Here are some quick tips, if you want to start your own parent-child book club.

Let your kid pick. If you want enthusiasm, start here. When kids choose the books, their reading experience is fulfilling. That means your experience as a parent will be fulfilling. You won’t have to badger and cajole — the reading will happen naturally. The books your kid picks will teach you about her interests, what she finds funny, what she finds delightfully scary.

But, if you find yourself ploughing through a dozen vampire books, feel free to steer the book club in a new direction. (How about werewolves?) If you come to an impasse, see below.

Use the library, both for the books and the advice. Books aren’t cheap! Take advantage of the books available for the common good. Library websites are robust these days, allowing you to download ebooks and audiobooks for free. When you want recommendations, go in and chat with the librarians. This is especially fruitful at branch libraries, where the pace of work is a little slower than the central library and the staff have the opportunity to get to know the regulars.

Delay the classics. I know you can’t wait to share Little Women with your kid. Little Women is great. The thing is, many other great books have been written in the past 150 years. My experience as a parent tells me there’s no faster path to eye-glazing than telling a tale of the way things used to be. (Once upon a time, there were no smartphones!) Kids need a little experience with life, a little worldliness, to understand their place in history.

For now, let them read modern books. The classics will come. Trust me.

Be open to new genres. I’m not a fantasy guy. I’ve tried to like trolls and battle sprites, but stories with those sorts of characters have always left me bored and confused. Happily, my daughter does not share in my confusion. This means my reading diet has become more well rounded since our book club began. She’s also drawn to graphic novels. The graphic novels I’d read were comic-influenced, but books like El Deafo have opened my eyes to the possibilities of telling stories with pictures.

Find something good to say about every book you read. Look, I’ll just say it. I do not like the Percy Jackson series. I have my reasons, but I’m not going to get sidetracked into a rant. My daughter loves Percy, and I see no reason to crap all over her joy. The point of this book club is to promote parent-child bonding. So, I breeze through a book I don’t love and tell her that I appreciated the ways the protagonist showed bravery and learned humility.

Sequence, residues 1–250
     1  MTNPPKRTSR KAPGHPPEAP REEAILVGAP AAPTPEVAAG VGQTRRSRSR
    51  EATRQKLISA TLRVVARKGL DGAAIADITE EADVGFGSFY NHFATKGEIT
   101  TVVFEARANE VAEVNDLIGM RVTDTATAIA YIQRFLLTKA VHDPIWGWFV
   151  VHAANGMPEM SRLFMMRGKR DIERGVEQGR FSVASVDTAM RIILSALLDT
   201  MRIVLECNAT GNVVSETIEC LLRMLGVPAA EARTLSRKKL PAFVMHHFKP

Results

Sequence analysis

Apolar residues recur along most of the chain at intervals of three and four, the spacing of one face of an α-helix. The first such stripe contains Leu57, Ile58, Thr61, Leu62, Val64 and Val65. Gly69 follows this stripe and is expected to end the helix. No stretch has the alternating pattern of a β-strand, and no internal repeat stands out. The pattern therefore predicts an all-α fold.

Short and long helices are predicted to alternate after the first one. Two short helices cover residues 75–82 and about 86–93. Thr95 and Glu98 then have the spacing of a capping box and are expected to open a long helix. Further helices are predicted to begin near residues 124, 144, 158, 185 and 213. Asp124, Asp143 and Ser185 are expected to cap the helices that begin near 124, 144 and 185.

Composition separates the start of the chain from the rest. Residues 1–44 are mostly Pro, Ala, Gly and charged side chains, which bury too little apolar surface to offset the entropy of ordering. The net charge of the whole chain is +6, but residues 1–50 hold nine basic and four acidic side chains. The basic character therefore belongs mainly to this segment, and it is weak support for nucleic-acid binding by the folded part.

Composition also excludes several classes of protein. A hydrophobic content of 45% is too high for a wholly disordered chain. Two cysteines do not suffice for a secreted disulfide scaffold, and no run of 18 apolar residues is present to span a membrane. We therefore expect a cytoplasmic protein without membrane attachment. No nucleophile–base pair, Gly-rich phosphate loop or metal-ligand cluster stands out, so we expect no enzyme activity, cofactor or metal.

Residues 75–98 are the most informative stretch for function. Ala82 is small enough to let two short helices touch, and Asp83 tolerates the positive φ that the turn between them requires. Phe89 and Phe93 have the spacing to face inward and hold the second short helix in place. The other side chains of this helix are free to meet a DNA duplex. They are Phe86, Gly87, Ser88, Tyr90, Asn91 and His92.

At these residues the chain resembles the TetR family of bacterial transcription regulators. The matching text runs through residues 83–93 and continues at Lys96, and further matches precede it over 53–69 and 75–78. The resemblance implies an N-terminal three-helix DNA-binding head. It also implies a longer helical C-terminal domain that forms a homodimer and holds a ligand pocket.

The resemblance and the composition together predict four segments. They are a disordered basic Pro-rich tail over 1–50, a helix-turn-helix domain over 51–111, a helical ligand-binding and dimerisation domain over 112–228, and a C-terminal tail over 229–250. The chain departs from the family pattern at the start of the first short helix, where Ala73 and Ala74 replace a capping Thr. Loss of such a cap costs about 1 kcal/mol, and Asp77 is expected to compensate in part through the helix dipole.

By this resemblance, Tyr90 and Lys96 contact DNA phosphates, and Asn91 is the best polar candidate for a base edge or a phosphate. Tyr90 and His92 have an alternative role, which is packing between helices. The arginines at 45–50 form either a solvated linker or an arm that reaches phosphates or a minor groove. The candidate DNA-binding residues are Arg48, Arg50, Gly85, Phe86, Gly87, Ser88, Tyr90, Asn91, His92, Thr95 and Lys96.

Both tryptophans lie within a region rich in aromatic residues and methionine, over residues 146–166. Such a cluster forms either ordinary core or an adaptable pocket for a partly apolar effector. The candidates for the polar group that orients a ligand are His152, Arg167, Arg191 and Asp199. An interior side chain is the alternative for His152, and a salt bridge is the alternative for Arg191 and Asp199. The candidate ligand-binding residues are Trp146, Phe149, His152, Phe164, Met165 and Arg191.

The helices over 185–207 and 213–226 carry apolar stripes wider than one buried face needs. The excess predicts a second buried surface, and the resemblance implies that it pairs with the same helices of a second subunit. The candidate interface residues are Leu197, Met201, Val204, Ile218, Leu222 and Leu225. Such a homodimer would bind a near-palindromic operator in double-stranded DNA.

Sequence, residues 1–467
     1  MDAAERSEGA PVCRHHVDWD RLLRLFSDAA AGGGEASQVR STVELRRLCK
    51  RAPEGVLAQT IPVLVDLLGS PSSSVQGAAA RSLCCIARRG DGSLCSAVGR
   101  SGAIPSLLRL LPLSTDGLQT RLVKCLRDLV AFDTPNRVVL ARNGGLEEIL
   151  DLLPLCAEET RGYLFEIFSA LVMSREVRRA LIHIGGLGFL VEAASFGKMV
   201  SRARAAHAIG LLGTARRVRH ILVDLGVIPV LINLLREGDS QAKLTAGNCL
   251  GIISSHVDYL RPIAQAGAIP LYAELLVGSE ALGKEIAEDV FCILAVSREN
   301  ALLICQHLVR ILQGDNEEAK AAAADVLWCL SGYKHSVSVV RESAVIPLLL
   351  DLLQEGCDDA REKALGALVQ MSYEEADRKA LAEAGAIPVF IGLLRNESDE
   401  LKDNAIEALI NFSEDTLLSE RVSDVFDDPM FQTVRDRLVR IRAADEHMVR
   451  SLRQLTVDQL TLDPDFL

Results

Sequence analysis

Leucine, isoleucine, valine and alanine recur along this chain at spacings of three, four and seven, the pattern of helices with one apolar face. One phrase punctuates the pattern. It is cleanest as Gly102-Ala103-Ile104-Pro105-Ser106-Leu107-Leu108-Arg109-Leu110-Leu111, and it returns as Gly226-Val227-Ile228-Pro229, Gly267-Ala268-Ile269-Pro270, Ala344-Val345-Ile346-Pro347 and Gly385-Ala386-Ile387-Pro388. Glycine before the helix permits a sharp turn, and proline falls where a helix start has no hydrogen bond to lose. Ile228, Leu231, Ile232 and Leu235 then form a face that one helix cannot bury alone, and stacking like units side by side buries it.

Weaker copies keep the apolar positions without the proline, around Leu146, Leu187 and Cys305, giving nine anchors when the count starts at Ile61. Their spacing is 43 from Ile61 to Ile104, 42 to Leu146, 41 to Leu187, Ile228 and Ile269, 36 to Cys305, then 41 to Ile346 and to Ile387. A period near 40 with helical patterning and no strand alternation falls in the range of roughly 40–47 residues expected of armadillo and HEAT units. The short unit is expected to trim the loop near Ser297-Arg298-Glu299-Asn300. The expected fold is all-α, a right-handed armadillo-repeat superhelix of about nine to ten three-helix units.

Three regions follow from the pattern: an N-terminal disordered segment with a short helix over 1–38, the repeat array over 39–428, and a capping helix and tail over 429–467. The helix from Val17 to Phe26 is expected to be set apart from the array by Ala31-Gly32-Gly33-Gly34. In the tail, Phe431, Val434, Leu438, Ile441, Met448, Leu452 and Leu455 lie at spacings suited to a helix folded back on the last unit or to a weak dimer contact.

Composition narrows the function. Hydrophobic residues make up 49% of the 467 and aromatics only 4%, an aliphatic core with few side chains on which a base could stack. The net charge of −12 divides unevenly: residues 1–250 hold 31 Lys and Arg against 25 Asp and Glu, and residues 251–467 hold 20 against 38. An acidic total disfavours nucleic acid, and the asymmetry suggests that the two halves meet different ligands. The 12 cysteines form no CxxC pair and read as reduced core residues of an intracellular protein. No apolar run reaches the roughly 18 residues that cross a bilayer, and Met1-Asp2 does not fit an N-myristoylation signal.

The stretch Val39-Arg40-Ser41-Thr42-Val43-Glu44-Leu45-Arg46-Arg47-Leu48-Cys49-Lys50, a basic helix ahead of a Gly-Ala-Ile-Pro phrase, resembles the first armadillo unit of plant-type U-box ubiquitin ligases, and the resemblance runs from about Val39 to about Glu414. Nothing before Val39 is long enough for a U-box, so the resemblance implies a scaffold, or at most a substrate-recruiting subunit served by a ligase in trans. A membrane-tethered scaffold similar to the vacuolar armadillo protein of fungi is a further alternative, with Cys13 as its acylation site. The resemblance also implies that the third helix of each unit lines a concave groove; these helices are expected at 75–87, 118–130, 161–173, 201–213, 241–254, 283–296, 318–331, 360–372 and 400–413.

I tell her how creative it was, bringing ancient myths into the present. We all make little sacrifices to achieve big goals, like family unity. She endures my stories about life without smartphones, which are much duller than Percy Jackson.

Don’t stop. Life will get in the way. You’ll have to travel to a conference. You’ll have to spend 10 evenings in a row creating a PowerPoint deck. Your kid will have track practice three nights a week. On the weekends, she’ll start taking the bus to the mall with her friends. There will be a thousand reasons to disband the book club. Don’t. Even if you only read one book a year together, keep reading.

Read together through high school and through college and everything after. There’s no reason to quit. New books are published every week. Plus, you haven’t gotten around to half the classics yet!

The Cheapest NBN 50 Plans

Here are the cheapest plans available for Australia’s most popular NBN speed tier.

At Lifehacker, we independently select and write about stuff we love and think you'll like too. We have affiliate and advertising partnerships, which means we may collect a share of sales or other compensation from the links on this page. BTW – prices are accurate and items in stock at the time of posting.